Last weekend Violet, the Seal and I decided to go on a last minute adventure. We ended up driving north for a few hours to the sweet little town of Bellingham. On our way back we stopped at Larrabee State Park. There was a short wooded trail that led to a small beach. Violet, the Seal and I explored our little desert island of a beach together, walking in the sand, climbing on rocks, looking at little tide pools with sea anemone, starfish, and little crabs. At one point, maybe a few hundred feet away, we watched a blue heron stalk and catch her lunch. She was huge and her graceful ability to dart her beak into the water and come back up with a fish was beautiful and had all three of us awe-struck.
We didn’t know we were going to stop here and I certainly wasn’t wearing the right shoes for it. I had on a pair of very water unfriendly leather loafers and because of that I was trying to be extra careful not to get them wet with salt water (It was really cold and we were walking on rock with bits of coral barnacle or I would have just taken them off.) After a few hours we decided we should get going and began walking back up the beach. Every step I took my foot would sink in a puddle of soggy sand and after several steps my feet were getting quite wet. My mind thought, “I am going UP the beach, AWAY from the ocean, there won’t be any water this next step.” But sure enough, somehow every step I took landed me in water. I became more and more focused on my feet and where I was going to step next but I didn’t want to stop moving because that would make my feet sink even further into the wet sand. Eventually, I started to try and hop quickly, hoping this next time my feet would find dry land. But still, with every step my foot found water.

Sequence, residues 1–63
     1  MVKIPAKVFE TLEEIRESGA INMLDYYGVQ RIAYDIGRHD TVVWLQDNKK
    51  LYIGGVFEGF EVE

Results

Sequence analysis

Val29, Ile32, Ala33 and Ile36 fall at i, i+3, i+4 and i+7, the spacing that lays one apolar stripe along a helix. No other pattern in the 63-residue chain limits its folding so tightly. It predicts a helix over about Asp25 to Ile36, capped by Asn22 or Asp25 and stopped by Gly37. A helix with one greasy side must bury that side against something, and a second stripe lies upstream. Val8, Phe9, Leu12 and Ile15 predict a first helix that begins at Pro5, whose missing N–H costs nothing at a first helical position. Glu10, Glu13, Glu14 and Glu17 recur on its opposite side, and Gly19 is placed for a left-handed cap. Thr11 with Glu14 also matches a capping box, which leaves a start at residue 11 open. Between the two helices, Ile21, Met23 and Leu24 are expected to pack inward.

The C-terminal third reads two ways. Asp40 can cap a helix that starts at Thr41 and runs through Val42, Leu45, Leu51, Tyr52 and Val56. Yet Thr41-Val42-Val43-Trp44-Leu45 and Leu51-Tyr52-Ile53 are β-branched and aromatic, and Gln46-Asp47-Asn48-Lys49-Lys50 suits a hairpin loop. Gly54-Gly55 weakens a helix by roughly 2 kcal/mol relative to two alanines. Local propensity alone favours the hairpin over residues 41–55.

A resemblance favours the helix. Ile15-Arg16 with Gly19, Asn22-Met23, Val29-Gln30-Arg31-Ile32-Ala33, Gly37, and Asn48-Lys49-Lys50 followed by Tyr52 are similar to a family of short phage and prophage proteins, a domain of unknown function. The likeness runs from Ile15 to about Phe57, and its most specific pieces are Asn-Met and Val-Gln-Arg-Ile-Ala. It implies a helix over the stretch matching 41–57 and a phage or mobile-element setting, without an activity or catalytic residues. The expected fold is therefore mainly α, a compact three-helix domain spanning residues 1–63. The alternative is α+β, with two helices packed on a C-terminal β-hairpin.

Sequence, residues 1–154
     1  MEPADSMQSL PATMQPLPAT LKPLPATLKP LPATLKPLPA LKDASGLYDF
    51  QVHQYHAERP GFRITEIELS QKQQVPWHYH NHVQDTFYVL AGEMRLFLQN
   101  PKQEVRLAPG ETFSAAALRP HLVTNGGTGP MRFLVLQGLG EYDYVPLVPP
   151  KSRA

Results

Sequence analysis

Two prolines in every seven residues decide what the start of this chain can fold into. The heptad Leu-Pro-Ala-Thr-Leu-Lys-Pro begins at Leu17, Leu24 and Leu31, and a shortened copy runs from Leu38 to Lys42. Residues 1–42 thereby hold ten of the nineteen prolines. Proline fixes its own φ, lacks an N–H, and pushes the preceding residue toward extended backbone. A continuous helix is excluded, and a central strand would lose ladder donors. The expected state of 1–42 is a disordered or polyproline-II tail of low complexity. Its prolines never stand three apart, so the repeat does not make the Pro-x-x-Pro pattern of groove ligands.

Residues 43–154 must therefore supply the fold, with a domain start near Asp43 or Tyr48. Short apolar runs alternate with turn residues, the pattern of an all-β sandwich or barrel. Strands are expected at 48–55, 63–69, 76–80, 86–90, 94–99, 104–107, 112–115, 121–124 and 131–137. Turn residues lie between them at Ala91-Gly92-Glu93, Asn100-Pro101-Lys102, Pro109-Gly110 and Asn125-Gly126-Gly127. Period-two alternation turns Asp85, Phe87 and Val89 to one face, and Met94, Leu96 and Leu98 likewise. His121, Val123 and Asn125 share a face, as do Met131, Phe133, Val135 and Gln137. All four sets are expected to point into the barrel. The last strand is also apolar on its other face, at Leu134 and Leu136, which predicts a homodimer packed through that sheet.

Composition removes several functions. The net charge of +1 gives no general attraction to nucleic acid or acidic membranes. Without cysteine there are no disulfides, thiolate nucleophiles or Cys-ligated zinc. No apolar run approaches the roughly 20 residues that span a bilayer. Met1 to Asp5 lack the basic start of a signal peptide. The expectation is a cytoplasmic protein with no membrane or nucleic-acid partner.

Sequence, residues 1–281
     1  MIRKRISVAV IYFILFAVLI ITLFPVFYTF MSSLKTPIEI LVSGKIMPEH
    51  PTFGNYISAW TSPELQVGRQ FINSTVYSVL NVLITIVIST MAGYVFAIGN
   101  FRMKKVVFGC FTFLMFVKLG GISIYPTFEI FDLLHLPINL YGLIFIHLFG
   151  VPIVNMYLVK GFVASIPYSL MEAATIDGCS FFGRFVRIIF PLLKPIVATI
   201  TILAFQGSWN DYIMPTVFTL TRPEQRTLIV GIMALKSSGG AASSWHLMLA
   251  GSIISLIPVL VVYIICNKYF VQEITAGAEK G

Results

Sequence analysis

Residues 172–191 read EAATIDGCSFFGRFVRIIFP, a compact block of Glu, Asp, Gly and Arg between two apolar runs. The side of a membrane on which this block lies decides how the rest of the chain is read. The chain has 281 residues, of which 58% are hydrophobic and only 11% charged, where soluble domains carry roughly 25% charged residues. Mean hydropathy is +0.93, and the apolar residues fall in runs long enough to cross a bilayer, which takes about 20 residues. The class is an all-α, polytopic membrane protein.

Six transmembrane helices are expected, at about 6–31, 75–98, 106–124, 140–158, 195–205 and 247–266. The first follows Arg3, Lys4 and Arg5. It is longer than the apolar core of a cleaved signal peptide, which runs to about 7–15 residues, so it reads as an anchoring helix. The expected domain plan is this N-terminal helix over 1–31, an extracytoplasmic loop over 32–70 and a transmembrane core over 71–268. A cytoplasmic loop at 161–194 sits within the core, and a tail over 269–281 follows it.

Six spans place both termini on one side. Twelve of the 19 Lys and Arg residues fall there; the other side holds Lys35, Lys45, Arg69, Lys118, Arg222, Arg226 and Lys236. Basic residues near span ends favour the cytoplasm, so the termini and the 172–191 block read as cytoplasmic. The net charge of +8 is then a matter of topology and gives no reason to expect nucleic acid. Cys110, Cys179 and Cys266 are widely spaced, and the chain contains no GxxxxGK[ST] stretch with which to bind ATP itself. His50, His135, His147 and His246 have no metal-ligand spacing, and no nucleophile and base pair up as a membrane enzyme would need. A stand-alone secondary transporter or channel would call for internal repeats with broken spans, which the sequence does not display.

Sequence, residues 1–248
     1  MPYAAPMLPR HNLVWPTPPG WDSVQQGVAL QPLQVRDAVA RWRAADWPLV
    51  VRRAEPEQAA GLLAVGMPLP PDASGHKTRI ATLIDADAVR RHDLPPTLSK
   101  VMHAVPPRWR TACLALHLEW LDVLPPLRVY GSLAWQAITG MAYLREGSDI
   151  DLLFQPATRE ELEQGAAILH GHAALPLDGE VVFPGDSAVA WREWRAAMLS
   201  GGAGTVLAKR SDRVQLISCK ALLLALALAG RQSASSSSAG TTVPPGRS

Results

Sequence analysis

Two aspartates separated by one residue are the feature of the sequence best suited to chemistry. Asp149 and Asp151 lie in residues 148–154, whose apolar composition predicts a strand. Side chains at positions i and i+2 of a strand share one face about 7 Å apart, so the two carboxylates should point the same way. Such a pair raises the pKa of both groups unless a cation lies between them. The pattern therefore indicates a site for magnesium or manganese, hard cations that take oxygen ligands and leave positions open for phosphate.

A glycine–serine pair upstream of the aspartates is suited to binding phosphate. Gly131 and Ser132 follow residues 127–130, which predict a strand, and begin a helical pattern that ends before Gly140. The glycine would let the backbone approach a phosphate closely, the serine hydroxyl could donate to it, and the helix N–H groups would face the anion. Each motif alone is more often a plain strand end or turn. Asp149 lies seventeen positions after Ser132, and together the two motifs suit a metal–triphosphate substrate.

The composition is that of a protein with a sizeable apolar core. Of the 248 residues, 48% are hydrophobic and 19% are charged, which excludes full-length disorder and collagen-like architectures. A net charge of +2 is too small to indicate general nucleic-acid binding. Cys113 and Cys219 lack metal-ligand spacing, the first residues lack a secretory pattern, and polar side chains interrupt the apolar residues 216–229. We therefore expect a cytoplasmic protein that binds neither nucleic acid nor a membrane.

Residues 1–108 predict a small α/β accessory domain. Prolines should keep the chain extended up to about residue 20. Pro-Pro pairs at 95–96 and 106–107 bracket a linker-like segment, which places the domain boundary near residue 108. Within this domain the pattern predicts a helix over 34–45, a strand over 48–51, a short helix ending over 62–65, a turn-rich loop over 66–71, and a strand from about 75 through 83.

Finally, Violet said, “jesse, stop! Just stop and look at the big picture here.” And so, quite frustrated and soggy footed, I stopped and took my focused attention off of my two wet feet and looked all around to see where I was in the scheme of things. Because I had only been focusing on my feet and nothing else I hadn’t noticed that I was walking right up the path of a shallow but wide stream of water that was flowing from the hillside into the ocean. Three or four steps to either side was an entire beach of dry sand. So, now that I had seen the whole beach compared to where I was exactly I hopped three times to the right and that was that. Dryland.